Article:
By reversing the policy prohibiting facsimile transmission of controlled-substance prescriptions, the U.S. Drug Enforcement Administration (DEA) has recognized the increased use of this technology. DEA reversed the previous policy through a combination of amending existing regulations and adding new regulations. The effective date of the new regulations is May 19, 1994, the date of publication in the Federal Register.
In recognition of DEA's expectation that registrants achieve "strict compliance" with its regulations, this column will review applicable state laws. Pharmacists may find that facsimile transmission of controlled-substance prescriptions is still prohibited by state law. They may also find in state law specific requirements on issues such as placing fax numbers on prescriptions and the type of facsimile paper used.
THE DEA REGULATIONS:
As expected, the regulation of facsimile prescriptions for Schedule II controlled substances is substantially more rigorous than that for Schedules III through V. While the regulations permit a pharmacy to receive a facsimile prescription for a Schedule II controlled substance, the original written Rx must be presented and verified against the facsimile prescription prior to dispensing. Additionally, the original prescription must be maintained as previously required. Following is the amended regulation, with new language emphasized in bold print.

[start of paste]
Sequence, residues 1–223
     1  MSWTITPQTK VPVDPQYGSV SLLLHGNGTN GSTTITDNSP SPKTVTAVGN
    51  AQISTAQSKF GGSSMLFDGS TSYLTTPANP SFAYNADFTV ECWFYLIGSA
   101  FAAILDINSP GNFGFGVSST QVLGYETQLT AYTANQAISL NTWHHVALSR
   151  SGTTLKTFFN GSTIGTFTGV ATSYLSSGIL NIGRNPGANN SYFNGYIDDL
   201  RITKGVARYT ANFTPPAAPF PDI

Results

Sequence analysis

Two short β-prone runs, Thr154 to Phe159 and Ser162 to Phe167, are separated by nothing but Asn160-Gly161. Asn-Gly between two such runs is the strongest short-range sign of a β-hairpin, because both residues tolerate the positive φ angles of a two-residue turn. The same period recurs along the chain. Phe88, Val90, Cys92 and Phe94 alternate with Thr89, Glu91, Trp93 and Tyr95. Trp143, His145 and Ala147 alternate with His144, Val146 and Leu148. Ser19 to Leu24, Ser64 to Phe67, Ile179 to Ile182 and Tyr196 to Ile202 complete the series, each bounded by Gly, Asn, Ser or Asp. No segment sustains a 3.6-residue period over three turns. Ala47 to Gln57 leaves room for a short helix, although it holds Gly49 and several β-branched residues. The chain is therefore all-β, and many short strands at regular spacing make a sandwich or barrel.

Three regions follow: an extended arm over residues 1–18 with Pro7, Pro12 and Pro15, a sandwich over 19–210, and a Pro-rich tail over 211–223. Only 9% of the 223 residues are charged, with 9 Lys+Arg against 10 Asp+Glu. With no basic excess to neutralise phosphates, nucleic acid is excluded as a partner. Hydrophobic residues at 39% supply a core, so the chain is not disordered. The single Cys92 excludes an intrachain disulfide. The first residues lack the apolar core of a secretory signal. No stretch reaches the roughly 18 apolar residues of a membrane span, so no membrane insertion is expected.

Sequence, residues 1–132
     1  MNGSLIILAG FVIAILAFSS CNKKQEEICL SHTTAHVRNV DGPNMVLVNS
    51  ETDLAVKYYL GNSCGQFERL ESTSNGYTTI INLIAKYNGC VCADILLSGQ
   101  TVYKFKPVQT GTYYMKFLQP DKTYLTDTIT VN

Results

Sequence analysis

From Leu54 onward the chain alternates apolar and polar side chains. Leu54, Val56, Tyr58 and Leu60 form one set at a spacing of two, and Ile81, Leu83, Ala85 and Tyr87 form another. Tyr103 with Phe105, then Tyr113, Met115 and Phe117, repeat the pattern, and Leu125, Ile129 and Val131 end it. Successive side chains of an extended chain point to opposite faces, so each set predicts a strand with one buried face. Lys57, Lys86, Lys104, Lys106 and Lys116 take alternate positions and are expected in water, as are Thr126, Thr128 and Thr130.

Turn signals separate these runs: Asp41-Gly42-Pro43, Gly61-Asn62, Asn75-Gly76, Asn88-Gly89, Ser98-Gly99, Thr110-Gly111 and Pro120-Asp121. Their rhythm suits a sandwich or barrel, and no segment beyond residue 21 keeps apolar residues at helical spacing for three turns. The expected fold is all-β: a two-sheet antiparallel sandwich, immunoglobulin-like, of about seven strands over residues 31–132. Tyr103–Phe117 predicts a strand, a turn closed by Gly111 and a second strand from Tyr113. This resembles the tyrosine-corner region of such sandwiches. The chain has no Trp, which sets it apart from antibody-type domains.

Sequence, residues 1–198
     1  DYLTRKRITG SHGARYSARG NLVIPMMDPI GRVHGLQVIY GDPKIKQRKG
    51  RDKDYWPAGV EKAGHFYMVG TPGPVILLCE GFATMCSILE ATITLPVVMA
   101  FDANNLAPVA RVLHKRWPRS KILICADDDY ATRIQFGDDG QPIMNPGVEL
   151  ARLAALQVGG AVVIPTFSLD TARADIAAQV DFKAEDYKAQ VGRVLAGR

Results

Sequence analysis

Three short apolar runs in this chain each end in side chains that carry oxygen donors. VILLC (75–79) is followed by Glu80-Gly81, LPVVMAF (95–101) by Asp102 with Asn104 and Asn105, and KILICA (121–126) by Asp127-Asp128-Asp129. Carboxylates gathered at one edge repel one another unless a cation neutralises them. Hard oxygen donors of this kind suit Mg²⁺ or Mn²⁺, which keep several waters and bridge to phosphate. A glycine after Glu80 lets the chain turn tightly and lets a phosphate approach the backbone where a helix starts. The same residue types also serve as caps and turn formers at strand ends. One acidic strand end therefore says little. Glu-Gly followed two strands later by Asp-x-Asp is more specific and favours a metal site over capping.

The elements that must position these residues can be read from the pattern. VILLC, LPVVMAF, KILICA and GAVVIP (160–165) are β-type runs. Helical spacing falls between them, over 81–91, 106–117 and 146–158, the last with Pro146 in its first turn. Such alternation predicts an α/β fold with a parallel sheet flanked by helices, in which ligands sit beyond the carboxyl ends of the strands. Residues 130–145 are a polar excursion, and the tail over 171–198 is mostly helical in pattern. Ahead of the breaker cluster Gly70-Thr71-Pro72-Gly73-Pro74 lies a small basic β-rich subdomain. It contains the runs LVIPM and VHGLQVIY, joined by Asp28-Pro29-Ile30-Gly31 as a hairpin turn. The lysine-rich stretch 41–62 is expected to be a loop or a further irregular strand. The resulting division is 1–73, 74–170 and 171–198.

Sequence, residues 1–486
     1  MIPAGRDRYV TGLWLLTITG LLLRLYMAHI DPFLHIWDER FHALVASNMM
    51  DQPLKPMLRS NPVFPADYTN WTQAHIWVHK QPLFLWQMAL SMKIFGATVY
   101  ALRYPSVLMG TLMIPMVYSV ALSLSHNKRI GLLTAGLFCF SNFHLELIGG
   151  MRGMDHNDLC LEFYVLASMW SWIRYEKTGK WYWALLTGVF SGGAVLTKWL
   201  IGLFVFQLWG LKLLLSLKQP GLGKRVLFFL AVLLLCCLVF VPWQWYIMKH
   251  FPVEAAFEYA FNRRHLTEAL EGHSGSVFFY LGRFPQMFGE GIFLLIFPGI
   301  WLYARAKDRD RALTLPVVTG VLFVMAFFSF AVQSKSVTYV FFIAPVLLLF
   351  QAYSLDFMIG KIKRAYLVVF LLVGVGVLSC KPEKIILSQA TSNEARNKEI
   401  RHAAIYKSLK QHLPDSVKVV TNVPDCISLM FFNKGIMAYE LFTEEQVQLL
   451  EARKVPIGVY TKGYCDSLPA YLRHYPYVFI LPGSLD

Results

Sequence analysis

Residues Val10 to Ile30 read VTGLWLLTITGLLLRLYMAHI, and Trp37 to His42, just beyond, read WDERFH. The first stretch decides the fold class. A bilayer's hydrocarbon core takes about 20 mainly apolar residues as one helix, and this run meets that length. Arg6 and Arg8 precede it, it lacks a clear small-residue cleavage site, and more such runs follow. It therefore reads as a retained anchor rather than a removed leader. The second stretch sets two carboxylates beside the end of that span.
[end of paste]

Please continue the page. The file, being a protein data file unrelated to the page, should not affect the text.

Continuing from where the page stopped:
"A pharmacist may dispense directly a controlled substance in Schedule II, which is a prescription drug as determined by the Federal Food, Drug, & Cosmetic Act, only pursuant to a written prescription signed by the practitioner.... A prescription for a Schedule II controlled substance may be transmitted by the practitioner's agent to a pharmacy via facsimile equipment, provided the original written, signed prescription is presented to the pharmacist for review prior to the actual dispensing of the controlled substance.... The original prescription shall be maintained...."
However, two exceptions to the requirement that the prescription be presented and verified prior to dispensing are included in the new regulations. The first exception is a prescription for home infusion/intravenous pain therapy.
"A prescription ... written for a Schedule II narcotic substance to be compounded for the direct administration to a patient by parenteral, intravenous, intramuscular, subcutaneous, or intraspinal infusion may be transmitted by the practitioner or the practitioner's agent to the home infusion pharmacy by facsimile. The facsimile serves as the original written prescription. …